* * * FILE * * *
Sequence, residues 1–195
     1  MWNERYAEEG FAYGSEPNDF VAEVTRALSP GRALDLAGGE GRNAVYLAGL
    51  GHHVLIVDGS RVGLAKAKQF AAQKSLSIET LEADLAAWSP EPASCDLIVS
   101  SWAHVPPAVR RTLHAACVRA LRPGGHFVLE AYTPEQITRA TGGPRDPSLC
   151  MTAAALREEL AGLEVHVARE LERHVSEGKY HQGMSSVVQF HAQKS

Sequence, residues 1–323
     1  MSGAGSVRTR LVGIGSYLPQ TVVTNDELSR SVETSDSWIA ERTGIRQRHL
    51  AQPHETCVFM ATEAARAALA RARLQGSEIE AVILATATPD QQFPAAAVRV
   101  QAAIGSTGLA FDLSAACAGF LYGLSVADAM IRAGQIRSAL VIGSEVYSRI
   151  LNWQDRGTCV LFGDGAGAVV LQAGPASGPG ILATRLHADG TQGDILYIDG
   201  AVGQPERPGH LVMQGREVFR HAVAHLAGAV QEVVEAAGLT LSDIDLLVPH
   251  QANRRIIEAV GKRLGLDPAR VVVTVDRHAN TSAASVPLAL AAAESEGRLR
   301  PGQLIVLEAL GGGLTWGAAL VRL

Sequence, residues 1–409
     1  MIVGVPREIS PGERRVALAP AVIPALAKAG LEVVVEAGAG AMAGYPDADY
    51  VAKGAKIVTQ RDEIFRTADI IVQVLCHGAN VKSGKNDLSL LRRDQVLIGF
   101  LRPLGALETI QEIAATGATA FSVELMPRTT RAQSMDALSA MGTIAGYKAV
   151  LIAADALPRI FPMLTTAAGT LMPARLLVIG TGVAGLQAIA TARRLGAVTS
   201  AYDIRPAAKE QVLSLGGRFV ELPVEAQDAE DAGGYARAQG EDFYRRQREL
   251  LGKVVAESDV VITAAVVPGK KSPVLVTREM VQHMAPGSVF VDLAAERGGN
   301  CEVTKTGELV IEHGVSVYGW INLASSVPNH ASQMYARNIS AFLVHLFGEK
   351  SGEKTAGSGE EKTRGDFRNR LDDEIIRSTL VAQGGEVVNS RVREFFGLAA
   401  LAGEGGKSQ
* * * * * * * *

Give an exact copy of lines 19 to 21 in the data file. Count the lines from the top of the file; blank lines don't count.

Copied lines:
   201  AYDIRPAAKE QVLSLGGRFV ELPVEAQDAE DAGGYARAQG EDFYRRQREL
   251  LGKVVAESDV VITAAVVPGK KSPVLVTREM VQHMAPGSVF VDLAAERGGN
   301  CEVTKTGELV IEHGVSVYGW INLASSVPNH ASQMYARNIS AFLVHLFGEK